What can higher ed learn from Kodak?

I recall a conversation with a retired Kodak exec some twenty odd years ago.  His former company had decided to shed off all non-core assets and focus on “imaging” or, more specifically, the production of film.  His thought on digital photography was that it would be a slow adoption process for the consumer – maybe fifteen years.  “The professional will never leave film, however.” There was still competition in the film arena and Kodak was in court constantly complaining about its archrival, Fuji and their less than ideal trade practices. Even so, that was to be their future and film had wonderful margins.

Today, those disagreements look like two cows arguing over who goes first … in the line for the slaughter house.  Kodak spent a quarter of a billion to un-diversify. http://articles.latimes.com/1995-02-01/business/fi-26882_1_eastman-kodak  And what of the adoption of digital?  We all know how that turned out.

A transformation of similar magnitude is underway in higher education as well.  Pioneers in the adult learning market two decades ago have seen a wholesale move from face to face night school type classes to online.  Traditional education for the eighteen to twenty-two year old is witnessing a slower but similar trend. I’ll share three factors that seem to be driving that movement.

First is the technology of learning.  Young people are not afraid to study online; in fact a growing number prefer it.  In Ohio, this means that some will have never entered a traditional classroom for K-12. Can these students be expected to appreciate the value of a higher education experience that is solely face to face?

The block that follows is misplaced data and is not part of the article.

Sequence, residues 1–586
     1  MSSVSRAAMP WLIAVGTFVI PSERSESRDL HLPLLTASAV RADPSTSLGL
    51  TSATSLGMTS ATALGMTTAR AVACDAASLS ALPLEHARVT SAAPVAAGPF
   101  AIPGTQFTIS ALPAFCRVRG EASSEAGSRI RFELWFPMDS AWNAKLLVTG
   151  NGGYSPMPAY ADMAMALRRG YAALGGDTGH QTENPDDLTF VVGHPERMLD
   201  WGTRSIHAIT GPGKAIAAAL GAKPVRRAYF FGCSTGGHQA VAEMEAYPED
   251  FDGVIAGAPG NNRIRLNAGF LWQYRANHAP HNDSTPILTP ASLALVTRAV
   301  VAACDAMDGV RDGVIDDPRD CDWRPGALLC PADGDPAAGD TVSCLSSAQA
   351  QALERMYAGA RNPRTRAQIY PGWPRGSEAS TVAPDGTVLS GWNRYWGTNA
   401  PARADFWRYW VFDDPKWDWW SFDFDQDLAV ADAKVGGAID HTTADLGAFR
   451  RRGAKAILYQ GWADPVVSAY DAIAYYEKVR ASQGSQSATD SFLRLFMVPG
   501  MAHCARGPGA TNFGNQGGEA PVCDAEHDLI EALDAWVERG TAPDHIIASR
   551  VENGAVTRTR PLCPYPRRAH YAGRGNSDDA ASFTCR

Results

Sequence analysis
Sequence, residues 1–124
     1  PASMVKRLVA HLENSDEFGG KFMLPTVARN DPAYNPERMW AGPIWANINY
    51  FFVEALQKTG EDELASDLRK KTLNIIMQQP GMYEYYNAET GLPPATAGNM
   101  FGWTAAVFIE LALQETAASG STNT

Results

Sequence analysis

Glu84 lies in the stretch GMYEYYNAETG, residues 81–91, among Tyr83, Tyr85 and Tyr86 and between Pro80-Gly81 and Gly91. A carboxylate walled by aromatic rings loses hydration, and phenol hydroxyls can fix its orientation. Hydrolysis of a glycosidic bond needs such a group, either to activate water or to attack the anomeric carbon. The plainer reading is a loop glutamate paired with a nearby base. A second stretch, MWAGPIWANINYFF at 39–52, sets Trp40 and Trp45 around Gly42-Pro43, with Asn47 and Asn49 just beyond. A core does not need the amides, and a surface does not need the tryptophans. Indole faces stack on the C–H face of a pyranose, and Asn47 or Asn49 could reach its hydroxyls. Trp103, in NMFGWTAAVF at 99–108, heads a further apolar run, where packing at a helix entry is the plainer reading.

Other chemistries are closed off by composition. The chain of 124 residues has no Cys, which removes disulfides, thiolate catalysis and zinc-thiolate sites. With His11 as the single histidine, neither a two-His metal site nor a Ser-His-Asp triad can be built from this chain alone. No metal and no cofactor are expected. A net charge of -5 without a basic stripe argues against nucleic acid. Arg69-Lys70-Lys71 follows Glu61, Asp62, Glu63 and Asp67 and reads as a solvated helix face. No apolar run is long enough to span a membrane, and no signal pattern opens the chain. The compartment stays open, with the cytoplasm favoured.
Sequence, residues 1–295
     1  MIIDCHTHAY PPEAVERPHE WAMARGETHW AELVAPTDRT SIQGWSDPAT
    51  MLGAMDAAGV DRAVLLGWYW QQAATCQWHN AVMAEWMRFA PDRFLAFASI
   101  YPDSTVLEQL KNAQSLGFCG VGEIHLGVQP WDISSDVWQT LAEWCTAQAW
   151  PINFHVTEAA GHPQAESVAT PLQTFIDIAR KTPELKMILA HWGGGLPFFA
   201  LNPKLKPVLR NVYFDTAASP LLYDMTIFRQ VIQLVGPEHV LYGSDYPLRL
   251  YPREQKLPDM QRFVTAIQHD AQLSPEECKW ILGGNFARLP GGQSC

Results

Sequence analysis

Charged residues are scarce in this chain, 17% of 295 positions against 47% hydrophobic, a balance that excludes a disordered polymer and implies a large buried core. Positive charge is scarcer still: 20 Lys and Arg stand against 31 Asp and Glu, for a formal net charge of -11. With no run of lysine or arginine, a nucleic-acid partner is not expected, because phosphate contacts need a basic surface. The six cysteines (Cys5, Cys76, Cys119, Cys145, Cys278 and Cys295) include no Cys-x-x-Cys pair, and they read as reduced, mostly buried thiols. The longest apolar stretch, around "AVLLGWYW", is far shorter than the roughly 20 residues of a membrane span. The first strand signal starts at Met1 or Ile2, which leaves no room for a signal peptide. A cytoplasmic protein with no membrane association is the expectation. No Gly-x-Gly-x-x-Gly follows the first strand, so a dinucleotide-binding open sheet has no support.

Second is corporate support.  FCA (formerly known as Chrysler Motors) has a new program that allows employees and their dependents to attend Strayer University free of charge.  They even extended the program to their independent dealer network.  http://www.prnewswire.com/news-releases/fca-us-launches-nationwide-no-cost-college-education-for-dealership-employees–families-300182668.html Think about what it means for employee retention to eliminate the need to save for a child’s education.

The third reason is represented by the needs of the workplace.  Employees with a much broader set of skills are desired in a world where the pace of change continues to accelerate. http://www.fastcompany.com/3046299/the-new-rules-of-work/this-is-the-future-of-college .  Google has seen this and offers courses for free to meet the demand of today’s employer. Some are in areas that would be considered foreign to most traditional institutions.  (Deep Learning?)  http://www.fastcompany.com/3055814/fast-feed/google-is-offering-a-free-online-class-about-deep-learning

So, how do we respond?  Do we follow Kodak’s lead and return to our core?

I have some ideas but would enjoy hearing yours.